HARRISBURG, Pa. (WHTM) — The first time someone called Tracie Young to report a fledgling bird who couldn’t fly or walk well, she was tempted to shrug it off. After all, what baby bird can fly or walk well?

“But then the people were concerned, because they’re like, ‘The bird is wobbling. It’s falling over. There’s something wrong with their eyes,'” Young said, rehabilitator and director of Ridge Raven Wildlife Center in Lancaster. “So right away, we knew: Now it’s here.”

“It” is whatever has been killing young songbirds since May in Washington, D.C., and elsewhere, several hundred such confirmed reports in Indiana, for example. Reports of dying and dead birds began emerging in Pennsylvania in June. At least 130 such reports in 36 of Pennsylvania’s 67 counties, including most Midstate counties, according to Dr. Scott Weber, a wildlife veterinarian and senior investigator at the University of Pennsylvania’s Wildlife Futures center, which is collecting reports of dead and dying songbirds.

The birds have no chance, once they contract whatever is going around.

“A lot of them, we’re not even bringing into the center,” Young said. “We are euthanizing them. They will die from this virus.”

What’s to blame? No one knows. One theory: cicadas, or at least, something related to them, perhaps pesticides they consumed before birds consumed them.

Emily Garrigan, founder of West Shore Wildlife Center in York County, said insects make up a disproportionately large percentage of young birds’ diets because that’s what their mothers tend to bring back to the nest. Older birds have more varied diets, she said, while emphasizing cicadas are just one possibility among many.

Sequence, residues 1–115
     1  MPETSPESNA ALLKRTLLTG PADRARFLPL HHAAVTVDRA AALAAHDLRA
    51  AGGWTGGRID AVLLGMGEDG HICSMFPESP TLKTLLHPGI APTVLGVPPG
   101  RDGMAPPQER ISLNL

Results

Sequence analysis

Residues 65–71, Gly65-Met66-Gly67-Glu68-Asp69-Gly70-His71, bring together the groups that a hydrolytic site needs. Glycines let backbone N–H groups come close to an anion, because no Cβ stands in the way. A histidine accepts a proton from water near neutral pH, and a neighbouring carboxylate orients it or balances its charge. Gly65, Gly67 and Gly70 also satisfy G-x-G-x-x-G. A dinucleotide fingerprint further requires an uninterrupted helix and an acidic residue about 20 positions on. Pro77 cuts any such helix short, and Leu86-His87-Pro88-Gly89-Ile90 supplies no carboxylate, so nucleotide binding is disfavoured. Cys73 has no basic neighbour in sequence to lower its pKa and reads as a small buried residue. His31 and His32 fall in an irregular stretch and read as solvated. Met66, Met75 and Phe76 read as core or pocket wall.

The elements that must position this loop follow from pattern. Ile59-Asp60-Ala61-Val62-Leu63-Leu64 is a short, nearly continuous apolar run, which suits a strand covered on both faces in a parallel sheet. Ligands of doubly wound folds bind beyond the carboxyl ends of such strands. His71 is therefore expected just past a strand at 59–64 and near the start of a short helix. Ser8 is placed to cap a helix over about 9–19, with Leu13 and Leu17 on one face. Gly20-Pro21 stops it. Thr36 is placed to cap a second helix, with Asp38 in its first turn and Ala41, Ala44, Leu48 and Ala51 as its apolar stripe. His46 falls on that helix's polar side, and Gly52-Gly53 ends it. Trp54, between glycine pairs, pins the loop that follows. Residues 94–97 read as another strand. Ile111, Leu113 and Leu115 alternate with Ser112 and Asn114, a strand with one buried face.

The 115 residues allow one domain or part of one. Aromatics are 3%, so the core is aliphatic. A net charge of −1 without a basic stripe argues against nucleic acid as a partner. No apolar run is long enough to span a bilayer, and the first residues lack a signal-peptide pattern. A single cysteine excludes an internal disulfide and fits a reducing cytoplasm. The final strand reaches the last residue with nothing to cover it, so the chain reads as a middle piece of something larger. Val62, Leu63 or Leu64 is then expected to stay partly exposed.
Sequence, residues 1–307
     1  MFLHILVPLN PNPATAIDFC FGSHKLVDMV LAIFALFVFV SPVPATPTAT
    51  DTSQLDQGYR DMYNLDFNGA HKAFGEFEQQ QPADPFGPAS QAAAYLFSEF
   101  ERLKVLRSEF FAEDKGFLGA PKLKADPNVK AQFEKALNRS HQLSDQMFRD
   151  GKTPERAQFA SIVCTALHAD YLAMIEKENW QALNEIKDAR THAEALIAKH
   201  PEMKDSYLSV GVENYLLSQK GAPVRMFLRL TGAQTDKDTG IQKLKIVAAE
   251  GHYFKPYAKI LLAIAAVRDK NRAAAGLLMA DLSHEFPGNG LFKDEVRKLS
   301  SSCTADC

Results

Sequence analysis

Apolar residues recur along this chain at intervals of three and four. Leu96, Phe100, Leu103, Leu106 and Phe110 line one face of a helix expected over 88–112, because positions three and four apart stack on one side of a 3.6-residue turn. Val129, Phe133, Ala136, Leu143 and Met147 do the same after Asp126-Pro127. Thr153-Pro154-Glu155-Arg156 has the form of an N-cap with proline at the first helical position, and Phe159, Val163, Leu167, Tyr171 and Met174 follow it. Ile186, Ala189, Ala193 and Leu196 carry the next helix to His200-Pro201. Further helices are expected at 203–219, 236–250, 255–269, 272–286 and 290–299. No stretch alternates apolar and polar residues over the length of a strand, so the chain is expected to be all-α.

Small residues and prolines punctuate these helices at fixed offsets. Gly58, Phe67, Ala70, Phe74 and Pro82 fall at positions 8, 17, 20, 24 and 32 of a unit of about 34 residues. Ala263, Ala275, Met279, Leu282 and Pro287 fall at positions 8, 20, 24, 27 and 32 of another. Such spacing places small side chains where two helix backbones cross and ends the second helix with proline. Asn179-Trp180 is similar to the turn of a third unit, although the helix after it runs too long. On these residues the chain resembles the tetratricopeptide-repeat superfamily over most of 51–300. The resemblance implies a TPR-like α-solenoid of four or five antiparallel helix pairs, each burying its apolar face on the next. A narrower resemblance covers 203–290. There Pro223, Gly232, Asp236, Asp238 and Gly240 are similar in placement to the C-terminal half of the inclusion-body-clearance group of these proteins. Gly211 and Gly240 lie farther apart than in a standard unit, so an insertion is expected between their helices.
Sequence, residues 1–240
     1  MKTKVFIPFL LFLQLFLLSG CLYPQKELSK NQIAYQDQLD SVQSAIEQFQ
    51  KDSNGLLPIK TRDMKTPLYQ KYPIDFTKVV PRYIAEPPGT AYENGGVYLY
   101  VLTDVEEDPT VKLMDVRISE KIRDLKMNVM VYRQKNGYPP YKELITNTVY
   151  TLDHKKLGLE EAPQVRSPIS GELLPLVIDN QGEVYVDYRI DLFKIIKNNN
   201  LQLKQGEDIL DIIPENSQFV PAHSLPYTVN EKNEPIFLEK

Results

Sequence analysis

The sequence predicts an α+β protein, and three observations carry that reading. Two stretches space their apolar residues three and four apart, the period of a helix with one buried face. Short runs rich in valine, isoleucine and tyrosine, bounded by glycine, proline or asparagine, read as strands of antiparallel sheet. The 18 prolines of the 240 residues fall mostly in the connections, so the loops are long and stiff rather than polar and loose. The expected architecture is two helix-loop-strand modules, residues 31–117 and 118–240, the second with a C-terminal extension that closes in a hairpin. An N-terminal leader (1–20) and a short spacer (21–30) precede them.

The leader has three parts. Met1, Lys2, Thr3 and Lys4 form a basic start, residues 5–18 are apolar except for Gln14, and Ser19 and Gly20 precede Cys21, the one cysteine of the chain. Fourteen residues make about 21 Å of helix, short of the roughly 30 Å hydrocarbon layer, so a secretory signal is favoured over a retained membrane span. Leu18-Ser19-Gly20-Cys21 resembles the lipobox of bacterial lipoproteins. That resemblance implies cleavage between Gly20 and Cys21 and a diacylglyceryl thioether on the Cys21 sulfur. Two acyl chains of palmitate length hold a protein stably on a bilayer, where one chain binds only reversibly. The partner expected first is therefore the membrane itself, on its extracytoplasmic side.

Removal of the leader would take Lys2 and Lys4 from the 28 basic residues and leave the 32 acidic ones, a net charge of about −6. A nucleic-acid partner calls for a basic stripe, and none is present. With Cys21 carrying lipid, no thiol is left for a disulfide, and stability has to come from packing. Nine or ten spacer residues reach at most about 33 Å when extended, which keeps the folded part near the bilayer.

Weber too said the theory is plausible — after all, the Brood X cicada emergence also began in Washington, D.C., in May.

“We are testing for some of the pesticides that have been used for cicada control in certain areas,” Weber said. “And we’re also testing for a fungal toxin that’s associated with cicadas.”

But so far, the testing has yielded no strong evidence of a connection.

No one knows for sure, either, whether the birds can transmit whatever they have to each other or to people and other animals.

To prevent transmission to other birds, authorities are asking people to decommission bird feeders and birdbaths for now. Wash them with a 10-percent bleach solution, and put them away. Young said people worry birds will starve without feeders, but feeders are more like a “fast-food restaurant” for people: easy and tasty but nothing they’ll starve without.

“They will find other natural resources as far as food and water,” she said. “But we don’t want to spread it any faster than it is spreading,” by encouraging birds to congregate.

As for preventing any spread to people or pets: Never handle a dead or dying bird with your bare hands; wear disposable gloves. And double-bag dead birds before disposing of them.